How Proust Can Change Your Life is the title of a book by Alain de Botton. I would very much like to read it. It's an accessible study of Proust's great, influential and unique novel Remembrance Of Things Past (or, depending on which translation you prefer, In Search Of Lost Time). De Botton uses Proust's book to demonstrate the power and relevance of literature - a great book is capable, quite literally, of completely transforming your life. (John Hee has described this kind of event, on a more modest scale, in his recent post.) I believe in this magical power too. It has happened to me, though usually less dramatically, on many occasions. (I've just finished reading another book by De Botton, The Consolations of Philosophy, which I enjoyed enormously. But more of that book later.)
I began reading C. K. Scott-Moncrieff's translation of Proust's 7 volume novel in my early 20s, but never got beyond the 1st volume, Swann's Way. Now I feel the urge to start it afresh - this time probably in the much newer translation by Christopher Prendergast and others which Allen Lane published in 2002.
My thoughts turned to Proust today because this afternoon we went for a stroll in Whisby Nature Park where, though not much was going on in the bird domain (the chiffchaffs were chiff-chaffing and the willow warblers willow-warbling but the nightingales and sand martins we hoped to see were out of sight on their nests), the hawthorn blossom in the hedgerows was at its creamy, radiant best.
Just as Swann is famously transported back in time by the taste of a madeleine cake, the sight and smell of hawthorn blossom also acts for him both as memory trigger and peak experience. Somewhere in the middle of Swann's Way Proust writes how Swann became enraptured by hawthorn flowers (which he later describes as having the bitter-sweet fragrance of almonds):
As we were liable, there, to meet M. Vinteuil, who held very strict views on 'the deplorable untidiness of young people, which seems to be encouraged in these days,' my mother would first see that there was nothing out of order in my appearance, and then we would set out for the church. It was in these 'Month of Mary' services that I can remember having first fallen in love with hawthorn blossom. The hawthorn was not merely in the church, for there, holy ground as it was, we had all of us a right of entry; but, arranged upon the altar itself, inseparable from the mysteries in whose celebration it was playing a part, it thrust in among the tapers and the sacred vessels its rows of branches, tied to one another horizontally in a stiff, festal scheme of decoration; and they were made more lovely still by the scalloped outline of the dark leaves, over which were scattered in profusion, as over a bridal train, little clusters of buds of a dazzling whiteness. Though I dared not look at them save through my fingers, I could feel that the formal scheme was composed of living things, and that it was Nature herself who, by trimming the shape of the foliage, and by adding the crowning ornament of those snowy buds, had made the decorations worthy of what was at once a public rejoicing and a solemn mystery. Higher up on the altar, a flower had opened here and there with a careless grace, holding so unconcernedly, like a final, almost vaporous bedizening, its bunch of stamens, slender as gossamer, which clouded the flower itself in a white mist, that in following these with my eyes, in trying to imitate, somewhere inside myself, the action of their blossoming, I imagined it as a swift and thoughtless movement of the head with an enticing glance from her contracted pupils, by a young girl in white, careless and alive.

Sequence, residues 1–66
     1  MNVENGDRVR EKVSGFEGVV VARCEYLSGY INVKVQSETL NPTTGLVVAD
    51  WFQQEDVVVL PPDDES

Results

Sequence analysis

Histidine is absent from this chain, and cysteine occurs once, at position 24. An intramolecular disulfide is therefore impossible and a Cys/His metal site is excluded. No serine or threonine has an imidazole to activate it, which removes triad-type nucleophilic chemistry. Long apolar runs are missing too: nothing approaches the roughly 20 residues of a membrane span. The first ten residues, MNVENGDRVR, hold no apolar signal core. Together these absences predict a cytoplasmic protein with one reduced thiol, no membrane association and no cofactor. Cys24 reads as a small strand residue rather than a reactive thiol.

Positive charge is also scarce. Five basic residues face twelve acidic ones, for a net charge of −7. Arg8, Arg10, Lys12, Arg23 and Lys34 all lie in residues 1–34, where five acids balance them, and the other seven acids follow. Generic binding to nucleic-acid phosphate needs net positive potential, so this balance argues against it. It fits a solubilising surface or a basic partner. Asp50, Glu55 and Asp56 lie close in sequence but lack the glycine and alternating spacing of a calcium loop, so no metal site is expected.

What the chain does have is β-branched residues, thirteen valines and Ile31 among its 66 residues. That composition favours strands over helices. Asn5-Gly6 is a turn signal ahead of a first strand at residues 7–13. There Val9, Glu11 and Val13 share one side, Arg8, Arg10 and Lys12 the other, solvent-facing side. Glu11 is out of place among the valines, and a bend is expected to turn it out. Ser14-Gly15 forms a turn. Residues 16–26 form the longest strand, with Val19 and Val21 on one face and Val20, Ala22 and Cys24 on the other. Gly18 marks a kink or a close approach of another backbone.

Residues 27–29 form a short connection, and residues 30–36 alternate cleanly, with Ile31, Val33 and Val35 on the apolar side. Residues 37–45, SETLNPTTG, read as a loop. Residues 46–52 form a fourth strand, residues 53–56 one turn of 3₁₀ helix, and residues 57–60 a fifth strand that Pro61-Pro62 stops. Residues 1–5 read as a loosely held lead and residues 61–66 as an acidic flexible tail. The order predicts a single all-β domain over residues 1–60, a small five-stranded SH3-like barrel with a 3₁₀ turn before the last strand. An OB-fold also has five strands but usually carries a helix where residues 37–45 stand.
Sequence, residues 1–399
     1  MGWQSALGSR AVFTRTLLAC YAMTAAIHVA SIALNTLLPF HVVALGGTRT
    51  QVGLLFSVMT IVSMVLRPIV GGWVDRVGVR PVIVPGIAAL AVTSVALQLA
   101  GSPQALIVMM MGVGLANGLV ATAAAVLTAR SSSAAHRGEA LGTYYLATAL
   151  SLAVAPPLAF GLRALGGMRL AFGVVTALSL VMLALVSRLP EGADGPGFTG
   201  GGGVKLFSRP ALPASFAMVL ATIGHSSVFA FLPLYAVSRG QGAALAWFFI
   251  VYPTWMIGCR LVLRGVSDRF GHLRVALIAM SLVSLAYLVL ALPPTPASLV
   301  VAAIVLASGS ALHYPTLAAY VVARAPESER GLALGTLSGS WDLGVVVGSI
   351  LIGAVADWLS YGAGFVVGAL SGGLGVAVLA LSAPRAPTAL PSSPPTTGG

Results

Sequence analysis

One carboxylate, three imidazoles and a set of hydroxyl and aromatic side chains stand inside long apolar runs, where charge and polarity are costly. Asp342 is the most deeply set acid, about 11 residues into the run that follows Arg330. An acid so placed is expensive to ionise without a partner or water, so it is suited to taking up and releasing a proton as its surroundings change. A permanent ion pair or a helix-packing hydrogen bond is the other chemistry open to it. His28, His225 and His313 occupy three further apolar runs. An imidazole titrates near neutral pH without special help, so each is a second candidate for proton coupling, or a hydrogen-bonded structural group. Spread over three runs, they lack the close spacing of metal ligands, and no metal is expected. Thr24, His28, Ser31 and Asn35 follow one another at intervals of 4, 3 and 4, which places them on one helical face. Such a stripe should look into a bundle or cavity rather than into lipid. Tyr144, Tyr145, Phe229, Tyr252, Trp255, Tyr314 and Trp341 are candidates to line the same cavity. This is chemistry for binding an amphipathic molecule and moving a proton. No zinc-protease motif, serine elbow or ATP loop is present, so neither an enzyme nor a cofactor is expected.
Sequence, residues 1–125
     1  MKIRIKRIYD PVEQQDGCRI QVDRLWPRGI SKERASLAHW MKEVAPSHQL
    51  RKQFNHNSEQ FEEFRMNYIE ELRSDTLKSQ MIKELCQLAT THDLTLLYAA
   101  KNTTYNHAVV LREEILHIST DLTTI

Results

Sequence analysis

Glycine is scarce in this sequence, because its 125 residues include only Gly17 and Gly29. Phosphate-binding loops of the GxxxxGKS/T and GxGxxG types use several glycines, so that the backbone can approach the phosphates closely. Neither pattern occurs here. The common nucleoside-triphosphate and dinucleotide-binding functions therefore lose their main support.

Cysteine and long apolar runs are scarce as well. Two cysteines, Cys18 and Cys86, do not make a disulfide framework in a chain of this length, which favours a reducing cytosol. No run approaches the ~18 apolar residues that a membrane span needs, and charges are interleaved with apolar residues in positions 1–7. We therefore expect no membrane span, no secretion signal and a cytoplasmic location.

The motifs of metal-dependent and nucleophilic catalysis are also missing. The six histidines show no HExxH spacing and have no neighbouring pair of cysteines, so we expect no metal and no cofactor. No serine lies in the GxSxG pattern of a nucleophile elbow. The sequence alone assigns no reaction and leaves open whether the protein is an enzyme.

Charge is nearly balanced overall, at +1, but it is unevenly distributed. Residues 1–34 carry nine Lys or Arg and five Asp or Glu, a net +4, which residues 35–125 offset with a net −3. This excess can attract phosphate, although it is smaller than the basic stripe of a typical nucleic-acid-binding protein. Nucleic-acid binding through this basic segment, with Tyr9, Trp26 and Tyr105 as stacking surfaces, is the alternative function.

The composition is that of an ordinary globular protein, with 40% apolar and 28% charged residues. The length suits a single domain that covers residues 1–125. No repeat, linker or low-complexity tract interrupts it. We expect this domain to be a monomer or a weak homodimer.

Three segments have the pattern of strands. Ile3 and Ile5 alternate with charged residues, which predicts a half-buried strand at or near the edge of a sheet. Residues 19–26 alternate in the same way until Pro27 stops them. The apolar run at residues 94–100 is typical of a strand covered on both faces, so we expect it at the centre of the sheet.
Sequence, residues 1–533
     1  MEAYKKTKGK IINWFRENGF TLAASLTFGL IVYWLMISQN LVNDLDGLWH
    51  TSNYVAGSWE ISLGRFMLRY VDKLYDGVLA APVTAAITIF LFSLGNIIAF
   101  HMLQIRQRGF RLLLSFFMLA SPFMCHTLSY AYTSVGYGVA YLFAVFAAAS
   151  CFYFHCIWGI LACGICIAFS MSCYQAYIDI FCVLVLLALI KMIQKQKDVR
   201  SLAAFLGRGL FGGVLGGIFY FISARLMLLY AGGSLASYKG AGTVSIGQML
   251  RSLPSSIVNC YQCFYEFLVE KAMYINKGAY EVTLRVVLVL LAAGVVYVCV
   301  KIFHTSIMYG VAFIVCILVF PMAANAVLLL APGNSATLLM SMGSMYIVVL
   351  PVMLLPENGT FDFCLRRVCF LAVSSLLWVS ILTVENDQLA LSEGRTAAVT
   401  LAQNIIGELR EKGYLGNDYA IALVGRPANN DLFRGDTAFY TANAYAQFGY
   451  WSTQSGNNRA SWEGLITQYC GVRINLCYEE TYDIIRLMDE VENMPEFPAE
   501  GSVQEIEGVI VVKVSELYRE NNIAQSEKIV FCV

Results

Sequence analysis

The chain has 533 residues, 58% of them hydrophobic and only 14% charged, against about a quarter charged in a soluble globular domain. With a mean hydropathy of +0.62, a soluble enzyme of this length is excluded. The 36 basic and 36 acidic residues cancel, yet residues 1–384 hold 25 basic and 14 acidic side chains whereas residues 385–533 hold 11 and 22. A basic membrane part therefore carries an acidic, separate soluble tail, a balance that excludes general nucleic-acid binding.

After this passage follow several pages which focus on a hawthorn hedge outside the church even more intently. In detailed, observant, intensely poetic meditations such as these, Proust is showing us the intimate, subjective relationship between the outer world of nature, family and society and the inner world of mind, memory and imagination.